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Friday, April 19, 2013

Garden of Stones - Sophie Littlefield



Release Date - February 2013

Sophie Littlefield
Harlequin/MIRA

Book Review by Tracy Farnsworth

I admit to not being much of a history student. I hated the class, mostly because one of my teachers went by the opinion that if you disagreed with his viewpoint, you were wrong. He touted how Nixon was a demon from hell, and JFK was a god in disguise. Disagree and you failed. It was really that simple.

Years ago, I read a book, I can't remember who wrote it, but it was about the camps set up following Pearl Harbor. American-born men, women, and children of Japanese descent were rounded up and locked away. I was horrified. We never learned about that in our school textbooks. As an adult, I was floored that the history books called German's horrible people because of what they did to the Jews, yet the U.S. also rounded up people, Americans no less, because of their heritage.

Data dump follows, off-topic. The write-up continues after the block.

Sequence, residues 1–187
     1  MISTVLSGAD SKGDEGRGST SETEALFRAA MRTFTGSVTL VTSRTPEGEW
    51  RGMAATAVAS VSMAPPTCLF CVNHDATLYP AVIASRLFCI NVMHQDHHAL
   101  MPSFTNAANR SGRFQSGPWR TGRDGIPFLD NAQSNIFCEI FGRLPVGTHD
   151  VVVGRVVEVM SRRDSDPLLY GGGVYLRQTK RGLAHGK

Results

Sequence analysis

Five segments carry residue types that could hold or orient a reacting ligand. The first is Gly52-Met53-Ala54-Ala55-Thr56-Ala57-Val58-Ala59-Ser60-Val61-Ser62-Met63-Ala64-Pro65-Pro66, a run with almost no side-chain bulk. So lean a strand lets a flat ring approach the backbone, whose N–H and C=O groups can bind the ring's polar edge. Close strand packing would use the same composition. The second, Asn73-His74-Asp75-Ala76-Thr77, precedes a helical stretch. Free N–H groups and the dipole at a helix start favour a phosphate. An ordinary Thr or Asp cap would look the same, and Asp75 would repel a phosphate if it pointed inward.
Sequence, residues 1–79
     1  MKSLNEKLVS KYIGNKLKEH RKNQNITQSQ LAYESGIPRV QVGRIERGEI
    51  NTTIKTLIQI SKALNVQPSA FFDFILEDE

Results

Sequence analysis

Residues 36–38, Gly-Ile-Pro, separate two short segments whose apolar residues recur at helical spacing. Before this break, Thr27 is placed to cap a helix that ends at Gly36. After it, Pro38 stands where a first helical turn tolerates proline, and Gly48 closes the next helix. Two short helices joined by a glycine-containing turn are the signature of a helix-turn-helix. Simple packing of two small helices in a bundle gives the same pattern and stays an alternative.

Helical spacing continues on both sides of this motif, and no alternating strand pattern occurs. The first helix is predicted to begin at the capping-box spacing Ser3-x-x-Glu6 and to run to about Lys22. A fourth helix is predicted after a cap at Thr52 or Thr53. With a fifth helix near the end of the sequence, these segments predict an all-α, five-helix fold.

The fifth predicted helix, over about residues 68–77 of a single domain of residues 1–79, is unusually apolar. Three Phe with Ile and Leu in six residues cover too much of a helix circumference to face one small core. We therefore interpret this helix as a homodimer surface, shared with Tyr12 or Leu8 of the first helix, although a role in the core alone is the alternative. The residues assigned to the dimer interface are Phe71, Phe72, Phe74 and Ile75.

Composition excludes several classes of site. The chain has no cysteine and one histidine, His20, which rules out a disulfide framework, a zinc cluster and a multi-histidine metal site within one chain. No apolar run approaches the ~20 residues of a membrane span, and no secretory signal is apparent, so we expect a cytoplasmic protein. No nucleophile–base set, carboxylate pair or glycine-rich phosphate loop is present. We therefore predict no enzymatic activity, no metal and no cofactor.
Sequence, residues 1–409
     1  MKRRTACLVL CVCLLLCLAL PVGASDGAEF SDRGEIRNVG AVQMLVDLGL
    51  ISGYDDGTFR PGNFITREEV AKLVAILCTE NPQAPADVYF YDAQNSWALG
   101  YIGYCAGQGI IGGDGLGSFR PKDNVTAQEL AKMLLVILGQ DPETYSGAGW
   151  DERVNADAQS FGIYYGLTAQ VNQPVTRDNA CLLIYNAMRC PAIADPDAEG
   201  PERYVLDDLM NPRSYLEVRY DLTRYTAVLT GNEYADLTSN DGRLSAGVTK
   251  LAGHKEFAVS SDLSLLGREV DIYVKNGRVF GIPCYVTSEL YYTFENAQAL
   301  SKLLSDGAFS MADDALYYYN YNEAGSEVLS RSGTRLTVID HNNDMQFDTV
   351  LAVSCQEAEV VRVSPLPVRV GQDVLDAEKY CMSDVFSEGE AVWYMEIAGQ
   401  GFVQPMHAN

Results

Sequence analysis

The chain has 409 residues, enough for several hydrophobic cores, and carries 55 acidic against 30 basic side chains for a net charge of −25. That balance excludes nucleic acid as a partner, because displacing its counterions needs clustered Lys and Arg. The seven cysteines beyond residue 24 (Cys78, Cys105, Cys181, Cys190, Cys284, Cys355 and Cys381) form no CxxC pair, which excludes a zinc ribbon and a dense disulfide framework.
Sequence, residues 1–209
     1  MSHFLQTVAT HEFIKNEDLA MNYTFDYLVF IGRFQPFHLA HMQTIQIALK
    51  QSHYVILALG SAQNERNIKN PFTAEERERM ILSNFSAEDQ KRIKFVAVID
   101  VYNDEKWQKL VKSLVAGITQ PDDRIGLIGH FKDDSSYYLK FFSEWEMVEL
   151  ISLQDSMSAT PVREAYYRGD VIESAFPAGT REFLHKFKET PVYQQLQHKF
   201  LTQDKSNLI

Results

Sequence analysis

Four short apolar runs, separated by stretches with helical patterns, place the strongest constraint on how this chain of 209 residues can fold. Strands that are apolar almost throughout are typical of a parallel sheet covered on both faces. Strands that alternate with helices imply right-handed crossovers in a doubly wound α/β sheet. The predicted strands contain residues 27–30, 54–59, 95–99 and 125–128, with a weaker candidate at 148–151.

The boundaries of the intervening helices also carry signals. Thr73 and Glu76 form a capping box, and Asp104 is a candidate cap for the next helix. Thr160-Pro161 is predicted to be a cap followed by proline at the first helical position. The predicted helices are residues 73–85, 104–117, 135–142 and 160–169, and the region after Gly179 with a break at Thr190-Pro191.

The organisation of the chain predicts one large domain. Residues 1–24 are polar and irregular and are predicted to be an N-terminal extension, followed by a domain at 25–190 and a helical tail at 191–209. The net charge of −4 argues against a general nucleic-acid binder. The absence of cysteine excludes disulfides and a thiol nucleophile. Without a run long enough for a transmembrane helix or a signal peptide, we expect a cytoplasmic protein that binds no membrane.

Garden of Stones takes that piece of history and tells a stunning story from the viewpoint of a young American girl who is yanked from her somewhat lavish lifestyle and throw into a detention camp, Manzanar. There Lucy and her mother, Miyako, learn to adapt to the crowds, lack of privacy, horrible living conditions, and cruel guards who simply seem unwilling to treat their prisoners with any shred of decency.

The story begins with a murder. Lucy, now an older woman, is accused of murdering a local man. Her daughter cannot believe her mother would commit such a heinous crime, but witnesses put her at the scene of the crime. Lucy's daughter soon learns more about her mother and grandmother's life, and the events that led to the murder.

It's not an easy murder to solve, and nothing is as it appears. I won't say who did it, no spoilers here, but I didn't see it coming!

Manzanar is a real place. More than 100,000 Japanese-Americans and Japanese legally living in the United States were forced to live at the camp starting in 1942. Most were allowed to leave by 1943, but some were stuck in the camp until 1945. The site is now a national park.

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